Expect NEOSSat Updates throughout the week as Comet 46P/Wirtanen approaches the Earth!
Last Updated: December 12
Canada’s Near Earth Object Surveillance Satellite (NEOSSat) closely monitored the nearby, short period comet 46P/Wirtanen from October 17 to December 2. The precise pointing and imaging capability of NEOSSat allowed researchers at Bishop's University and University of Victoria to create an animated sequence showing the motion of the comet against the background stars over the course of 46-days.
The comet has a coma (glow) due to gas and dust ejected from its surface due to solar heating. The comet’s motion against the background stars is due to its orbit around the Sun every 5.4 years. The tight arcs that the comet moves are due to parallax from NEOSSat's 800-km orbit while it flies around the Earth every 100 minutes. The snowstorm-like effect is due to energetic particles (radiation) from our Sun impacting NEOSSat’s camera when it flies through the South Atlantic Anomaly; a region where Earth's magnetic field is relatively weak allowing charged particles to stream into NEOSSat’s altitude. As the orbital path of 46P/Wirtanen brings it closer to the Sun and the Earth making the comet brighter and more active.
On December 16, 2018 the comet 46P/Wirtanen will pass within 12 million kilometres of the Earth, or roughly 30 times the Moon-Earth distance. At such a close distance, the comet could become bright enough to be seen with the naked eye for observers in the Northern Hemisphere. Continual observations from NEOSSat will enable astronomers to refine its orbit and monitor the variability of the comet as it passes through the Earth's backyard. NEOSSat Images will be used to monitor the brightness of 46P/Wirtanen and contribute astrometry to the IAU Minor Planet Center.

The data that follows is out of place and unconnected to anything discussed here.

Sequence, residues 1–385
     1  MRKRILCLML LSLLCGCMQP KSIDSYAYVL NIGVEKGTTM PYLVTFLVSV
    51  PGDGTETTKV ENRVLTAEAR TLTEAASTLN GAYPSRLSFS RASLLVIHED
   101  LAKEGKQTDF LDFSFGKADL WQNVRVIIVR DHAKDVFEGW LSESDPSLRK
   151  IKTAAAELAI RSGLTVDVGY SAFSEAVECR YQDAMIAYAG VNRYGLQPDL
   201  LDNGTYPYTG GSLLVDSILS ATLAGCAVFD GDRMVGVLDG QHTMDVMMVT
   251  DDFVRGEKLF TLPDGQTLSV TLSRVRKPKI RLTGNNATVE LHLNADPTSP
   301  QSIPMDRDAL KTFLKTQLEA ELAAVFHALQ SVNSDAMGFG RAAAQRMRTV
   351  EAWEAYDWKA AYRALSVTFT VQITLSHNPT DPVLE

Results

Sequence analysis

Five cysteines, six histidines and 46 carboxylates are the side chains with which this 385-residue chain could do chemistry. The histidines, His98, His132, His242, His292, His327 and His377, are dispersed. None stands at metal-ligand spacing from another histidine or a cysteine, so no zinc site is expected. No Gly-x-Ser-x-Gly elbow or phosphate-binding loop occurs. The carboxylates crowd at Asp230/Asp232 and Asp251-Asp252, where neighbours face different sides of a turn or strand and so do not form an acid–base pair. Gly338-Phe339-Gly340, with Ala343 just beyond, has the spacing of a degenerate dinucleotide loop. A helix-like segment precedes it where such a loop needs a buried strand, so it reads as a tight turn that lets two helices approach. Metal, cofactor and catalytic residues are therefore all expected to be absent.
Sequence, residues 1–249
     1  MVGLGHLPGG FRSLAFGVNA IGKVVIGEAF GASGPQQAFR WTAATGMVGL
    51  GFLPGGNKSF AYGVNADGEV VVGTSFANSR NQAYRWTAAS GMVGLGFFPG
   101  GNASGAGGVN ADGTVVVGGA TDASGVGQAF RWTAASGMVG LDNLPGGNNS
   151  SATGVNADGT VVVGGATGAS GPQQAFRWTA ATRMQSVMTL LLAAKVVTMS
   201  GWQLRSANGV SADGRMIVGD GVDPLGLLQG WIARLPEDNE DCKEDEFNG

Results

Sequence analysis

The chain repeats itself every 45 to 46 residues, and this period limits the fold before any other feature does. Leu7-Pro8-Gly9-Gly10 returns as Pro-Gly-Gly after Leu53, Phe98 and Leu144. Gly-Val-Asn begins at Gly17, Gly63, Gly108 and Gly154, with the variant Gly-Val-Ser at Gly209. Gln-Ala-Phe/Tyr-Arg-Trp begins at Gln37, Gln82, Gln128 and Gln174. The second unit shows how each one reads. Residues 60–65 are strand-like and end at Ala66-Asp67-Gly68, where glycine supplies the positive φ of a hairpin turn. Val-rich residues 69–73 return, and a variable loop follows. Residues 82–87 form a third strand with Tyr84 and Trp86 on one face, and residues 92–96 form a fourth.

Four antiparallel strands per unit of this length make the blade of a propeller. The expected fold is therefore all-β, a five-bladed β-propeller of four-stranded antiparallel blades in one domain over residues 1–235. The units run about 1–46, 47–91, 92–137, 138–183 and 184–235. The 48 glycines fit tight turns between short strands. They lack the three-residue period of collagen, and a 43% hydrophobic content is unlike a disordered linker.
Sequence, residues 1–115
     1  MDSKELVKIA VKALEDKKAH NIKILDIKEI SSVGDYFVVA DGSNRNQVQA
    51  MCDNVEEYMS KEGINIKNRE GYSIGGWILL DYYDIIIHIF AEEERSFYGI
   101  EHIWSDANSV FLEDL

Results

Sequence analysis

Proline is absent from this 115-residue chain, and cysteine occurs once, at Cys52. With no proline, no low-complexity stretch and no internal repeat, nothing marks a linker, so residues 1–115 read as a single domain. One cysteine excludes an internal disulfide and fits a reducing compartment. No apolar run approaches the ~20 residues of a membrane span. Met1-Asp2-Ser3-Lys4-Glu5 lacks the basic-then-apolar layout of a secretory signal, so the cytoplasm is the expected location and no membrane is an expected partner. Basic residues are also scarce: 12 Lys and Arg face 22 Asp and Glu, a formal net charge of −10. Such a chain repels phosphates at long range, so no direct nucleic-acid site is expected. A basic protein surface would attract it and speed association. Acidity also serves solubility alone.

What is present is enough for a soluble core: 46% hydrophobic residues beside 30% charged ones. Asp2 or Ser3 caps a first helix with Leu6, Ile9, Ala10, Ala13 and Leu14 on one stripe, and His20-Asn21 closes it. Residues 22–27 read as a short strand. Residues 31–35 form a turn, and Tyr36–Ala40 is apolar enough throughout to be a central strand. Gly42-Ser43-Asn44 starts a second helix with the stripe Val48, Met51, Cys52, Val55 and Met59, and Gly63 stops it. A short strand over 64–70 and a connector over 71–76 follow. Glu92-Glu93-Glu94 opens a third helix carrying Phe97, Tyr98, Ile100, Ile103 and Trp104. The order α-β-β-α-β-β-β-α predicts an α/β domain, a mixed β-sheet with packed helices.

The NEOSSat mission is a joint endeavour between the Canadian Space Agency (CSA) and Defence Research and Development Canada (DRDC). Launched in 2013, the spacecraft houses a 15-cm optical telescope that has been recently re-engineered to enable long duration, stable pointing and accurate photometric measurements of astrophysical phenomena. These efforts have giving NEOSSat a new life and will allow Canadian scientists to study objects such as comets, asteroids and exoplanet hosting stars. The high-quality observations of 46P/Wirtanen by NEOSSat are a demonstration these new capabilities.
NEOSSat circles the globe every 100 minutes.
NEOSSat has completed more than 30 000 orbits since its launch on Feb 25, 2013.
NEOSSat has a large external baffle enabling it to point close to the Earth's limb.
Dec 12: Animation From observations acquired on December 12th (UTC). NEOSSat is slew tracking to follow the comet.
Dec 11: Animation From Observations acquired on December 2nd. Comet has clearly brightened. Parallax motion of comet is much more pronouced due to its proximity to the Earth.
David Balam, Principal Observer of the Victoria near_Earth Project, has been actively using NEOSSat to supply measurements to the IAU Minor Planet Center has shared his animations and image stacks:
The Government of Canada is committed to increasing the availability of scientific data and publications as part of its Open Government initiative. The Canadian Space Agency supports this objective by making scientific data available to researchers, students, industries and the public to encourage innovation and contribute to the advancement of knowledge.
NEOSSat astronomy imaging of comet 46P are available from the CSA FTP Site: